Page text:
In certain circumstances, some retail leasing legislation gives a landlord the right to terminate a lease (with prescribed notice periods) such as a proposed redevelopment of the property.
A tenant can negotiate an express right to terminate the lease in certain circumstances or at its discretion, prior to the end of the lease term. However, this will depend on the bargaining power and size of the tenant. It is unusual for a tenant to have any express termination rights under a lease.
A tenant may have a right to terminate a lease under general law if the landlord has repudiated the lease. There is a considerable amount of case law in this area concerning, for example, the covenant for quiet enjoyment.
It is standard for a lease to provide that a tenant's insolvency (which is often broadly defined) is an act of default. The effect of the tenant's insolvency is that a landlord has the right to terminate the lease.
A liquidator appointed to wind up an insolvent corporate tenant may disclaim a lease (for example, where the liquidator determines that the rent payable under the lease is unfavourable to market). In such a case the landlord is likely to rank as an unsecured creditor concerning liabilities owed by the tenant to the landlord.
Planning control is primarily regulated by state governments and local councils.
Local councils are responsible for land development in their local area including:
The preparation of plans and policies that specify zoning permitting and prohibiting land uses.
Setting local development standards, including height and floor space requirements (although most of these plans are required to be approved by the Minister).
The determination of most applications for land use and development.
Monitoring to ensure compliance with relevant legislation, regulations and conditions of consent.
State government processes generally operate alongside local council processes and address issues of state or regional significance.
The primary legislation governing planning is found in each state's planning act. These acts specify the manner in which local council plans and subordinate state regulations are made. The following are examples of these planning acts:
Environmental Planning and Assessment Act 1979 (NSW).
Planning and Environment Act 1987 (VIC).
Development Act 1993 (SA).
Sustainable Planning Act 2009 (QLD).
Further, many state acts regulate specified types of development such as:
Certain manufacturing (for example, chemical manufacturing or heavy industry).
Development affecting vulnerable areas (including threatened species habitat, protected parks and coastal areas).
The primary federal legislation is the Environment Protection and Biodiversity Conservation Act 1993 (EPBC Act).
Planning consents are required from the appropriate approval authority for almost all development. However, exceptions for minor or routine development are provided in most jurisdictions.
In the majority of states, most residential or commercial development require planning consent from the relevant local council. The planning consent generally has a number of conditions of consent that require additional documents, including:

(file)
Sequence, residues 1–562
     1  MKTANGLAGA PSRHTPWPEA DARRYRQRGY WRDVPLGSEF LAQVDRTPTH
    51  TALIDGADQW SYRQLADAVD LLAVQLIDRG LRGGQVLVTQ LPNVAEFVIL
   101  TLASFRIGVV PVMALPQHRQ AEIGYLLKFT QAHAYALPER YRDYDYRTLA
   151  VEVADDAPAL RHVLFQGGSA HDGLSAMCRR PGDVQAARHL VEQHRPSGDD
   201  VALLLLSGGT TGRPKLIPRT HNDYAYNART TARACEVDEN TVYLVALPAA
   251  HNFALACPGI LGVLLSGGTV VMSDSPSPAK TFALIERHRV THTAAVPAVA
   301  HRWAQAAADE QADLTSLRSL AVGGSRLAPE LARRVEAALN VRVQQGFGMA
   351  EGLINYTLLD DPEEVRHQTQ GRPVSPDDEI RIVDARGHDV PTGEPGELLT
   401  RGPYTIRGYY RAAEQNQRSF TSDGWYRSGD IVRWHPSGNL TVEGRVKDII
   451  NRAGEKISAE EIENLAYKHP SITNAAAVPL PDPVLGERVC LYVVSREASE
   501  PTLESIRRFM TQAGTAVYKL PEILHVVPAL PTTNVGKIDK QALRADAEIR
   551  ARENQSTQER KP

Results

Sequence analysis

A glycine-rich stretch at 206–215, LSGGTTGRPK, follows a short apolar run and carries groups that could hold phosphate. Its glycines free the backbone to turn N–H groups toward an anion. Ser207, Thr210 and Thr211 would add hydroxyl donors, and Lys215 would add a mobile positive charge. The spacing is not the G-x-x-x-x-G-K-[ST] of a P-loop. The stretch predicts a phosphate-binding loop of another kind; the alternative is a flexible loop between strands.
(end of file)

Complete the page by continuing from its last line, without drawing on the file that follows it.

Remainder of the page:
A construction certificate (required prior to commencing construction, ensuring compliance with relevant standards, including the Building Code of Australia, and compliance with the planning consent).
A fire safety certificate.
An occupation certificate (required prior to occupation or use of the building).
In some states, certain proposed developments of state or regional significance, or having more significant impact, will require approval from a regional or state organisation or state planning minister rather than the relevant local council. This is often the case with mining and major infrastructure.
Further, federal government approval is required where a project impacts on matters of national environmental significance (in addition to either local council or state planning approval, unless a bilateral agreement with the relevant state is in place).
Although a project may have received planning approval, prior to commencement, a developer may need to obtain additional licences or work permits that are required as conditions of consent or outside the planning approval process.
Public participation and third party rights
In most planning consent or licence processes, the public have the right to submit objections to the decision-making body prior to the determination of an application. The specific rights and time-frames for lodging an objection vary according to the particular rules of that jurisdiction. In most cases, the consent authority will be required to publicly notify or advertise a development application and consider any objections or submissions in making its determination. There may be exceptions to this requirement specified in the relevant legislation or other statutory instrument.
In some states, third party objectors have the right to appeal certain planning consent and licence decisions to the relevant court or tribunal. In most jurisdictions, these appeals are largely restricted to judicial appeals, which are appeals determining the legality of a decision. More rarely, third parties are permitted to make merits appeals, which determine the quality of a decision and in which the court or tribunal re-makes the decision.
Most jurisdictions provide for certain projects of major significance to undergo a public inquiry process. The decision to order an inquiry is generally conferred on the minister administering the environmental impact assessment procedures.